That’s not to say that “The Amazing Spider-Man” is without a few flaws here and there, though. Much like the previous trilogy, Spider-Man spends a bit too much time in costume without his mask, making the notion of his identity remaining secret a little far-fetched. At a time when every parking lot, street corner, and phone has a camera, the idea that Peter Parker’s hijinks sans mask could go unnoticed is a little sketchy.
The film also has some problems here and there with its primary villain, The Lizard, due to the amount of digital effects required to make actor Rhys Ifans into a massive, scaly monster with a tail the size of a compact car. A few close-quarters scenes with Spider-Man and Lizard feel a little too heavy on the computer-generated visuals, but Webb has a good handle on when to rein these scenes in before they run away with the film.
The cast of “The Amazing Spider-Man” also seems to have a good grasp of the subject matter, and Garfield makes a strong case for himself as the new standard for Peter Parker. While his take on the character is less awkward and nerdy than his original 1962 counterpart, he clearly draws a lot from the modern-era Peter Parker introduced in Marvel’s line of Ultimate Comics, which filter popular heroes’ origin stories and adventures through a contemporary lens. (This is the same line of comics that Marvel Studios drew inspiration from for “The Avengers” and the rest of its recent films.)
Unlike his predecessor, Garfield seems to be conscious of the change that takes place in Peter when he puts on his costume. When he becomes Spider-Man, his movements become quick, jumpy, and spider-like, and Webb deserves credit for reflecting this in the action sequences. The hero of “The Amazing Spider-Man” uses his abilities in much the same way as a spider would, wrapping up his opponents with webbing in fast, darting attacks that are 100-percent arachnid, and using the strands of his web to sense what’s around him.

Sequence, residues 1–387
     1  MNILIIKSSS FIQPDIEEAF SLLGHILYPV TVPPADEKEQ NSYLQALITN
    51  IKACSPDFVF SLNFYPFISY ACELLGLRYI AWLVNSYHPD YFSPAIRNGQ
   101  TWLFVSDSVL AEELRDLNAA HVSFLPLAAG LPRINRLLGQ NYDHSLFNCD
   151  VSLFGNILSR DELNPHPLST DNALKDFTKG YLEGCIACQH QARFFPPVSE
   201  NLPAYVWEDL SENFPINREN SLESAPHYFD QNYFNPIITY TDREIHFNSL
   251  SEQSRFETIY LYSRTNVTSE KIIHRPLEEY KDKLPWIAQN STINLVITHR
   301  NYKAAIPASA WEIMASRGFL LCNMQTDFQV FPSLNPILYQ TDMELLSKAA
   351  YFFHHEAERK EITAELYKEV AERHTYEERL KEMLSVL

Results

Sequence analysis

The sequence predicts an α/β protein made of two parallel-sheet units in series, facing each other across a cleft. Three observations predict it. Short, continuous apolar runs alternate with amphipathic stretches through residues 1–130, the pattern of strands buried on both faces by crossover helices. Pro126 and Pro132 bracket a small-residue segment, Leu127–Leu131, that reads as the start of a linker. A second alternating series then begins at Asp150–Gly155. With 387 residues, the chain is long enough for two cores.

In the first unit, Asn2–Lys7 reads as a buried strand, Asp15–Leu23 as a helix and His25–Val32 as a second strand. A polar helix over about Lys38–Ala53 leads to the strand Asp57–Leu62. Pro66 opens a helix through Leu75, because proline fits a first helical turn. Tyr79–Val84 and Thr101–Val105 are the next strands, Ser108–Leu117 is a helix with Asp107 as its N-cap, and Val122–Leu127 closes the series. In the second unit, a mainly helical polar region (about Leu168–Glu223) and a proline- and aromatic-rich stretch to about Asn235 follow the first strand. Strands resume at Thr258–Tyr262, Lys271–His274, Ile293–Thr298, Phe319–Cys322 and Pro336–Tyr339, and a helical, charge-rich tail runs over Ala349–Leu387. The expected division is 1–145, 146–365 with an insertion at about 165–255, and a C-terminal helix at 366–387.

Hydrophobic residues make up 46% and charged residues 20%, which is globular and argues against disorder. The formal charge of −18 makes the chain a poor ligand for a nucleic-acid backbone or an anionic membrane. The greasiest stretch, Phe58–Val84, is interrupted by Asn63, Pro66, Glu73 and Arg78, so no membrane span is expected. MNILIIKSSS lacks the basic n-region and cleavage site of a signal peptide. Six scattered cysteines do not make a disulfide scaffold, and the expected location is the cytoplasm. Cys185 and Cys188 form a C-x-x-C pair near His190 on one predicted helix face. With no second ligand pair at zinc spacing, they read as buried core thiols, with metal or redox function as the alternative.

It’s a clever move by Webb that leaves you wondering why the original trilogy didn’t think to do the same.
Emma Stone also goes a long way toward bringing the Gwen Stacy of the comics to life on the screen, and along with being a visual match for the character, her chemistry with Garfield offers a great reminder of why Gwen Stacy is remembered so fondly by fans. First and foremost, she’s attracted to Peter, not Spider-Man — and she sells this key difference in the film. While the film’s duo move from casual acquaintance to tell-each-other-every-little-secret a little too quickly, Webb and his leads do a nice job of showing you why the pair were once one of comics’ most popular couples.
When the credits do finally roll — and make sure to wait until they stop rolling for an extra scene — it seems silly to think of “The Amazing Spider-Man” as anything but the best Spider-Man film we’ve seen so far. From the massive improvements in visual effects and action sequences to a more appropriate tone and leads who better embody everything fans love about the characters, Webb’s spin on the Marvel wall-crawler is proof that looking at a character with fresh eyes can sometimes be a good thing, and that “reboot” doesn’t have to be a dirty word.
In the end, it’s entirely appropriate that “The Amazing Spider-Man” opened in the period between “The Avengers” and “The Dark Knight Rises,” as it occupies a spot that’s tonally equidistant from both films. Where Marvel’s big team-up movie was a lighthearted, fun adventure and Christopher Nolan’s upcoming Batman finale is likely to be a dark, brooding exploration of its hero’s soul, “The Amazing Spider-Man” is a balanced mix of bright and dark, fun and angsty, fast-moving and deliberately ponderous — just like its hero.
“The Amazing Spider-Man” opens July 3.